As Tromberg explained in more detail to the website 360Dx, these contradictory results might reflect differences in when the patient samples are taken, since it’s known the amount of N protein relative to the amount of RNA can change over time during an infection. Omicron infections appear to have a shorter incubation period, or length of time from exposure to first symptom, which could mean people are testing sooner after infection than they were previously. That could make it appear that the tests are less sensitive, even if they aren’t — but it would still complicate the use of rapid tests in the omicron-era.

“The rapid antigen tests likely detect the same amount of virus between Omicron and Delta,” UNC’s Miller told us in an email, “but the difference is how quickly symptoms occur with Omicron (~3d) which is more quickly than with Delta (5-7d). Therefore, it is possible that the viral quantities at day1 of symptoms with Omicron are less than Delta, which could impact antigen sensitivity and be a false negative test.”

In any case, if people infected with omicron become contagious more quickly than with delta, there’s less time for a test to intervene and make people aware that they are likely infectious, which limits some of the public health utility of rapid testing, as experts have told the Atlantic.

Tromberg noted that other groups in addition to his are reporting results from the clinical studies, including an unpublished paper evaluating Abbott Laboratories’ popular BinaxNOW antigen test. In that study, which has not yet been peer-reviewed, researchers tested 731 people at a walk-up testing site in San Francisco in early January with a BinaxNOW test and also collected a second nasal swab to run a PCR test. Sequencing of a random sample of the samples that were positive showed the vast majority — 97% — were infected with the omicron variant. The rapid test identified 95.2% of the positives found by PCR that had the highest levels of virus in the sample, 82.1% of those with lower levels, and 65.2% with the lowest; the test also correctly identified 89.8% of people who did not have symptoms and 97.6% of people with symptoms.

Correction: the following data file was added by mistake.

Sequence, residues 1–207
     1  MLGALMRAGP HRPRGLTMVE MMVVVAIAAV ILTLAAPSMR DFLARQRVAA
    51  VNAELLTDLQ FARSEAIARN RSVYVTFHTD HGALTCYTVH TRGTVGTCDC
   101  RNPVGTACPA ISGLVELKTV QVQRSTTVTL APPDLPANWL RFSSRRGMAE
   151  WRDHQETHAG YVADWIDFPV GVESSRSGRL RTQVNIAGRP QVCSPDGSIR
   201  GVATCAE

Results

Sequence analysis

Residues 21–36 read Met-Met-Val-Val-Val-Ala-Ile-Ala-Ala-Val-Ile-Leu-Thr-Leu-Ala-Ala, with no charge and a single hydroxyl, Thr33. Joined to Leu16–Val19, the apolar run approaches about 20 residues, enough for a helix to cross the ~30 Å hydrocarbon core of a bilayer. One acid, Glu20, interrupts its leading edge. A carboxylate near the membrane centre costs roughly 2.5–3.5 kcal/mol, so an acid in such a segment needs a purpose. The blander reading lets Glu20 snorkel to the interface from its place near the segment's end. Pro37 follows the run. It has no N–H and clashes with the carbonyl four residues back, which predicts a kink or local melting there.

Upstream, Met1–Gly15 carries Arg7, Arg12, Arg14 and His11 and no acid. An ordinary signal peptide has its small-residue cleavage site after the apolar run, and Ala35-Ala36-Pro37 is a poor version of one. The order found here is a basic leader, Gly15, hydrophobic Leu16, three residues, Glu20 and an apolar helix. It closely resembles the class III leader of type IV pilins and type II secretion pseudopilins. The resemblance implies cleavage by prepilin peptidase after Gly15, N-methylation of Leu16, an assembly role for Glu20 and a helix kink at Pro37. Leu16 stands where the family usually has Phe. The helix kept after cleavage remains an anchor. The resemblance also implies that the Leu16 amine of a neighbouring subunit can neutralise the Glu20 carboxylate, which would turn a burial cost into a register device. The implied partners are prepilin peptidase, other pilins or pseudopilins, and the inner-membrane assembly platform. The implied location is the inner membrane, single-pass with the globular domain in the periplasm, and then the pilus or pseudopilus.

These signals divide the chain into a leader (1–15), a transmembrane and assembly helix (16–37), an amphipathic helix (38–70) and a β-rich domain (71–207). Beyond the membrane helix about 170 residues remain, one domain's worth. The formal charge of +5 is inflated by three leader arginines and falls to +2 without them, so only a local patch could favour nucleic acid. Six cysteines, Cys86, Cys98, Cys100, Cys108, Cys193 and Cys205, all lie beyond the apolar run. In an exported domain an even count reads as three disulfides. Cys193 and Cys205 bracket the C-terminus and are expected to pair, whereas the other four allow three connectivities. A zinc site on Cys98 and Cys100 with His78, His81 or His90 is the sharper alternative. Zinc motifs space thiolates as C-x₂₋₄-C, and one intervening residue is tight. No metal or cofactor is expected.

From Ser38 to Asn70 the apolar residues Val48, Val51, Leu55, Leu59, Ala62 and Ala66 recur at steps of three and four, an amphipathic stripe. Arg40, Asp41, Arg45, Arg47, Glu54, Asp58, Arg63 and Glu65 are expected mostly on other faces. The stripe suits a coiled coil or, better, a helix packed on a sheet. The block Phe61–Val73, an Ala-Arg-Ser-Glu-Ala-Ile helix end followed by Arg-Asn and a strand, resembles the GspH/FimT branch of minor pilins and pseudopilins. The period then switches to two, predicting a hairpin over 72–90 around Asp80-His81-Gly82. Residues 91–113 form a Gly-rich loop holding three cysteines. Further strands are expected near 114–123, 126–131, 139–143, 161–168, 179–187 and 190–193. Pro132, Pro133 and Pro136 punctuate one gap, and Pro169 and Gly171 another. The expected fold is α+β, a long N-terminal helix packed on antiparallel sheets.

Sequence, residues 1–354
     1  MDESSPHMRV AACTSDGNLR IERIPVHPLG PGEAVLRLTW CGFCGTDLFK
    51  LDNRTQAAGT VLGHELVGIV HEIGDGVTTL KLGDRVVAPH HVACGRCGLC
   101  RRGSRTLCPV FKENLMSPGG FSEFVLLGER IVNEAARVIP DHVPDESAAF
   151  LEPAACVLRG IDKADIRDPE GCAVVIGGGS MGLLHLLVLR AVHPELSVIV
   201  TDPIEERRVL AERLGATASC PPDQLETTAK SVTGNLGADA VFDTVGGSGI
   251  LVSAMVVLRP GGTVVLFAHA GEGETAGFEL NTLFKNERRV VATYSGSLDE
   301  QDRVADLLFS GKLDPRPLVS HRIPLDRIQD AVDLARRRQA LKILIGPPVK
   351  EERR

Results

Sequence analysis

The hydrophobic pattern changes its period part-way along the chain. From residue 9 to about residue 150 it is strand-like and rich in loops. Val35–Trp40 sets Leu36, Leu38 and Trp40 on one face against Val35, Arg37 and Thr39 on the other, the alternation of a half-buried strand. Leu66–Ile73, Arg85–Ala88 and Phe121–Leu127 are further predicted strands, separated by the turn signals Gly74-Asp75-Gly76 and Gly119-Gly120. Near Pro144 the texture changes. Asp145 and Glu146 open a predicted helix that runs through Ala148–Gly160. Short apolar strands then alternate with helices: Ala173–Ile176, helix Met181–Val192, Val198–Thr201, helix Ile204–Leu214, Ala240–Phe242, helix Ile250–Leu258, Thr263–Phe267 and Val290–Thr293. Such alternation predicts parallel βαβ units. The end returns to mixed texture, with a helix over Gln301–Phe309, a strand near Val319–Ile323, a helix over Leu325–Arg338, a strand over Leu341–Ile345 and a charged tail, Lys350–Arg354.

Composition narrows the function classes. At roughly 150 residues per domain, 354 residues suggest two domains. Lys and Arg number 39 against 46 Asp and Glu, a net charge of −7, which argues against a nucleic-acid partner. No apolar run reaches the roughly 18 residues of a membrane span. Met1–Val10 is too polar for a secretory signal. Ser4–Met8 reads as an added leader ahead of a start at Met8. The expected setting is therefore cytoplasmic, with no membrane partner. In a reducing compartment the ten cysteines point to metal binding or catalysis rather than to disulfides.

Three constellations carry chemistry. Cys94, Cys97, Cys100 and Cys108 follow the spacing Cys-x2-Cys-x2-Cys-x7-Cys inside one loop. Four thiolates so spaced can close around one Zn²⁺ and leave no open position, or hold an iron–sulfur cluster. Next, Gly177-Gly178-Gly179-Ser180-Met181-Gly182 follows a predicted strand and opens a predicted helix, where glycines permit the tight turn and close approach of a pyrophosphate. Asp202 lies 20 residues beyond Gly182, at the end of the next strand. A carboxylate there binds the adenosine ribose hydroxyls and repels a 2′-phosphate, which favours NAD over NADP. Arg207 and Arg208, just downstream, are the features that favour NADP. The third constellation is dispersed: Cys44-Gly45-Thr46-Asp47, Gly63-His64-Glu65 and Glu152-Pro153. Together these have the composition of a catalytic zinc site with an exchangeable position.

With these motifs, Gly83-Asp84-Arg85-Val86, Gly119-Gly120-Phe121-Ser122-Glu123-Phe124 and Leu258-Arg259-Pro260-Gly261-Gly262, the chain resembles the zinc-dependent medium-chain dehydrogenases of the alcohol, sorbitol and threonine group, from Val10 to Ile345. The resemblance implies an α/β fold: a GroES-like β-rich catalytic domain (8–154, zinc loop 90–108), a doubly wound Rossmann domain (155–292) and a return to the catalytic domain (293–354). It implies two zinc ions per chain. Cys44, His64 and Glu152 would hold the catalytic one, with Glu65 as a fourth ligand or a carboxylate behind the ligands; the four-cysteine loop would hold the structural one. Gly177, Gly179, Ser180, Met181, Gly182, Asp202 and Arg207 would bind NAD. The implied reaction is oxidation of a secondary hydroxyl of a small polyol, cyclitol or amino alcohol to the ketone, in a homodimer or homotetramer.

“This work in a large population suggests there is not diminished performance” of the Abbott test against omicron, Tromberg said, but that it “emphasizes the value of sequential/serial testing,” which is the way most rapid antigen tests are designed to be used. “A single negative test result for those who are asymptomatic has always been ‘presumed negative’ (regardless of variant) and should be repeated,” he added. “A positive test result with symptoms is a good measure of infection and likely infectiousness.”